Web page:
Book Review: The Ratline

I don’t read non-fiction books that often, however I’m glad I picked The Ratline up when I was idly browsing suitable reading material for a holiday last year (the holiday got cancelled).

For, those (like me) who don’t know what a ‘Ratline’ was, here is a brief explanation (taken from Wikipedia):

“Ratlines (German: Rattenlinien) were a system of escape routes for Nazis and other fascists fleeing Europe in the aftermath of World War II. These escape routes mainly led toward havens in Latin America, particularly Argentina though also in Paraguay, Colombia, Brazil, Uruguay, Mexico, Chile, Peru, Guatemala, Ecuador and Bolivia, as well as the United States, Spain and Switzerland.

There were two primary routes: the first went from Germany to Spain, then Argentina; the second from Germany to Rome to Genoa, then South America. The two routes developed independently but eventually came together. The ratlines were supported by some controversial clergy of the Catholic Church, and later used by the United States Intelligence officers.”

The book is written by Philippe Sands, a Professor of Law at UCL and a practicing barrister at Matrix Chambers.  He has been involved in many important international cases including Pinochet, Congo, Yugoslavia, Rwanda, Iraq, Guantanamo and the Rohingya.  He also makes regular appearances on radio and television.

I am somewhat ashamed to declare my ignorance when it comes to knowledge of the period prior to, during and just after WWII.  At school I was taught about prehistory, the Kings and Queens of England etc but nothing about WWI or II.  This might have something to do with me dropping the subject at the age of 14.  I regret this now, but at the time I just wasn’t interested in things that didn’t have any direct bearing on my life (how wrong I was).  As a result, I was absolutely delighted that The Ratline proved to be such a great education for me.  Whilst it focusses on a single member of the Nazi party and his immediate family and associates, the events of the period are explained in a way which gave me a much greater understanding of what was going on in Austria, Germany and the occupied countries which are dealt with in the book.

The central character is Otto Wächter, born in Vienna in 1901, an Austrian lawyer, Nazi politician and a high-ranking member of the SS, a paramilitary organisation of the Nazi Party.

During the occupation of Poland in World War II, he was the Governor of the district of Kraków in the General Government and then of the District of Galicia (now for the most part in Ukraine). Later, in 1944, he was appointed as head of the German Military Administration in the puppet state of the Republic of Salò in Italy. During the last two months of the war, he was responsible for the non-German forces at the Reich Security Main Office (RSHA) in Berlin.

In 1940 68,000 Jews were expelled from Kraków and in 1941 the Kraków Ghetto was created for the remaining 15,000 Jews by his decrees. On 28 September 1946 the Polish government requested the Military Governor of the United States Zone that Wächter be delivered to Poland for trial for “mass murder, shooting and executions. Under his command of District Galicia more than one hundred thousand Polish citizens lost their lives.”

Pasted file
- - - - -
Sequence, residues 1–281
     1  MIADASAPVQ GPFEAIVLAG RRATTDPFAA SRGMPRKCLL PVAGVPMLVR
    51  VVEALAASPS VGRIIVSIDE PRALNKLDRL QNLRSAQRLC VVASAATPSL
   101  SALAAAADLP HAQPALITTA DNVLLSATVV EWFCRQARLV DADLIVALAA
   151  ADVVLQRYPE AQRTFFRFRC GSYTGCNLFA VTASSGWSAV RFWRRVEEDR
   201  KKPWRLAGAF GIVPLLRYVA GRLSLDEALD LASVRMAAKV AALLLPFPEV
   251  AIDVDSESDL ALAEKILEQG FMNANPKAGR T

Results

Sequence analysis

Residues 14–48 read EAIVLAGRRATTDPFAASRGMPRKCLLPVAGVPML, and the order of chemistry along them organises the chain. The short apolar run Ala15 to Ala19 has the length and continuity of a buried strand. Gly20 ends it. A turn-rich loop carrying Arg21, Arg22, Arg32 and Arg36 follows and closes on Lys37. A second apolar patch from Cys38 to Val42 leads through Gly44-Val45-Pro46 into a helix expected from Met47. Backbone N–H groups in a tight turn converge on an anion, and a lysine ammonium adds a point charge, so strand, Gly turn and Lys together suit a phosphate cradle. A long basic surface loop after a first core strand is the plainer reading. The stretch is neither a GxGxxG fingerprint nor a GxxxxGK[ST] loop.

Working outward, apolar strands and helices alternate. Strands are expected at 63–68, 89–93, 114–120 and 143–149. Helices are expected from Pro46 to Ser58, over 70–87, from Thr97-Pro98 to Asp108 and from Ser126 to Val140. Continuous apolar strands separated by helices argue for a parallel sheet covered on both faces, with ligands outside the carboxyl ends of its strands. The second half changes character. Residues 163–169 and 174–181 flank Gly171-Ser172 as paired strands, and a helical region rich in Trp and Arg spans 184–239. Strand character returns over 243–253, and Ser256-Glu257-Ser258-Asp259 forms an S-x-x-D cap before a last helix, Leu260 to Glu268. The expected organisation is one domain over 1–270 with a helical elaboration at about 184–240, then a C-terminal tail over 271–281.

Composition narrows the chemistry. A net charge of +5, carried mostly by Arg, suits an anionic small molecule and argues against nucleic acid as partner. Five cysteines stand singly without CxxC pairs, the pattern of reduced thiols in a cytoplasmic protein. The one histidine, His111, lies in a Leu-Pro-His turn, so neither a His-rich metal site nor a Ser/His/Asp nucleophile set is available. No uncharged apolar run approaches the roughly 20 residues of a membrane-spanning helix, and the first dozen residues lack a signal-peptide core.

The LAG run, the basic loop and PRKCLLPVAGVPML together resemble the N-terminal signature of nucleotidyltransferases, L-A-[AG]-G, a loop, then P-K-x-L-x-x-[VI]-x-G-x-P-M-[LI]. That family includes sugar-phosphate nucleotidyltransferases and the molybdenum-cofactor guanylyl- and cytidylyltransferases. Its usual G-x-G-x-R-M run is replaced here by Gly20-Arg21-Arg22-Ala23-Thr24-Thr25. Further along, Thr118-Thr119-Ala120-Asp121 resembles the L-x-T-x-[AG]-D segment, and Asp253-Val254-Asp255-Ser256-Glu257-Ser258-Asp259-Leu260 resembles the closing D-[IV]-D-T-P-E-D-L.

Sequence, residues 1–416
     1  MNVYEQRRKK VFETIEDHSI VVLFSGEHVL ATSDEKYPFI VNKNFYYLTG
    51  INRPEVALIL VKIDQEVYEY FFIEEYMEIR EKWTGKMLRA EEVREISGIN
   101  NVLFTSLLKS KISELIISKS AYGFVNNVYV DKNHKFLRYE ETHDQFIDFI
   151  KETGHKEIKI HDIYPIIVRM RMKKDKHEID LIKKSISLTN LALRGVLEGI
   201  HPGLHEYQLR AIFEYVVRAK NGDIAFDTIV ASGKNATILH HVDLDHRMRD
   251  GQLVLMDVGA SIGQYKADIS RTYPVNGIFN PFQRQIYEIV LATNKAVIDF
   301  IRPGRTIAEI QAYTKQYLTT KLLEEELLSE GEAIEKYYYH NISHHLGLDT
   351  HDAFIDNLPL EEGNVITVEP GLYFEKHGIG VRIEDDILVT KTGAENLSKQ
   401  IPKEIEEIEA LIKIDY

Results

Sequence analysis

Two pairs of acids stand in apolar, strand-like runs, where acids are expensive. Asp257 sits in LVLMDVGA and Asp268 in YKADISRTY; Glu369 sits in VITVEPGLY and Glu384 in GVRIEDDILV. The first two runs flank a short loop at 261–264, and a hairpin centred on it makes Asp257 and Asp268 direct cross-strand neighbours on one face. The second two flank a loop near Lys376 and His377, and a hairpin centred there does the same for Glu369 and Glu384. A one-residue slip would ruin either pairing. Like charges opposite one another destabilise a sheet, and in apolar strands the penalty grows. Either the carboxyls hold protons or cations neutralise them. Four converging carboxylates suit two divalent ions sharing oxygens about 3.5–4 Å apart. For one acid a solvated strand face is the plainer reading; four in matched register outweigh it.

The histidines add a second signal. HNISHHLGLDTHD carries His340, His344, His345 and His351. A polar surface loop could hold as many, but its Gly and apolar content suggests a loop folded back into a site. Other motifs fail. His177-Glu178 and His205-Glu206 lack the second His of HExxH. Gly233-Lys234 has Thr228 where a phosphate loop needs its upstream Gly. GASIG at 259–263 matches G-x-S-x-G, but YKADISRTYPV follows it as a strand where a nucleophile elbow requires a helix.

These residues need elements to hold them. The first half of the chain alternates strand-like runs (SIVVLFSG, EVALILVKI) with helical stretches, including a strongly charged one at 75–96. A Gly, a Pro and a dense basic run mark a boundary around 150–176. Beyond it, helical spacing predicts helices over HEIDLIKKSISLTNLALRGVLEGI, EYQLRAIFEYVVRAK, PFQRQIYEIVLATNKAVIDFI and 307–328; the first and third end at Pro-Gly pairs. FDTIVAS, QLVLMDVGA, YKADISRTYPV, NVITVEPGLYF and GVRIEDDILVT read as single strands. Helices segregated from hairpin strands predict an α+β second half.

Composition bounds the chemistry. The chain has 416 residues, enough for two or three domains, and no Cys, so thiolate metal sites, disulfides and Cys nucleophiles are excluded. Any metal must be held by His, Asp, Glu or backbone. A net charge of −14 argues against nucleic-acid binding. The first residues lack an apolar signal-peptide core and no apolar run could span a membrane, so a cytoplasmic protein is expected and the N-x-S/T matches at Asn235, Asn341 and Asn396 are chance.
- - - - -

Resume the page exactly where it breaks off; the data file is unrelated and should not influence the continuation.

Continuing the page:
He managed to evade the Allied authorities for 4 years. In 1949, Wächter was given refuge by pro-Nazi Austrian bishop Alois Hudal in the Vatican where he died the same year, aged 48, reportedly from kidney disease.

These are the basic facts.  What brought the story to life, for me, was the way in which the author told the story through the lived experience of Otto’s wife, Charlotte and his son (extensively interview by Sands), Horst.  Charlotte kept a daily dairy and retained most of the letters and correspondence sent to her by Otto.  This provided the means to go into considerable detail as Otto is promoted and moved from one post to another, within the Nazi party and SS.

Sands does an excellent job of comparing what is written by Charlotte (and the letters to her from Otto) with established facts.  It is very clear that that Charlotte and Otto were both in complete denial about the horrors being inflicted on thousands of people under the control of orders handed down by Otto.

Horst (Otto’s son) was interviewed extensively by Sands and they struck up a close relationship during the many times they met.  Horst was (and still is) convinced his father was not responsible for the deaths of many Jews and other innocent victims.  He continually finds excuses for Otto, even when faced with irrefutable evidence to the contrary.  One of Horst’s reasons for agreeing to be interviewed (apart from to exonerate his father) was to establish exactly how his father came to die.  There were allegations that Otto was poisoned whilst on the run in Italy.  Some evidence came to light to support this claim, whilst other facts suggested he died after contracting Weil’s disease.

For me, it was one of those books that once I had started, I could barely put down.  It taught me a great deal about the political and historical events of this period and has left me with an appetite to educate myself further.

Even for those who consider themselves to be knowledgeable about this period of history, I would highly recommend this book to them.


© text & images Reggie 2022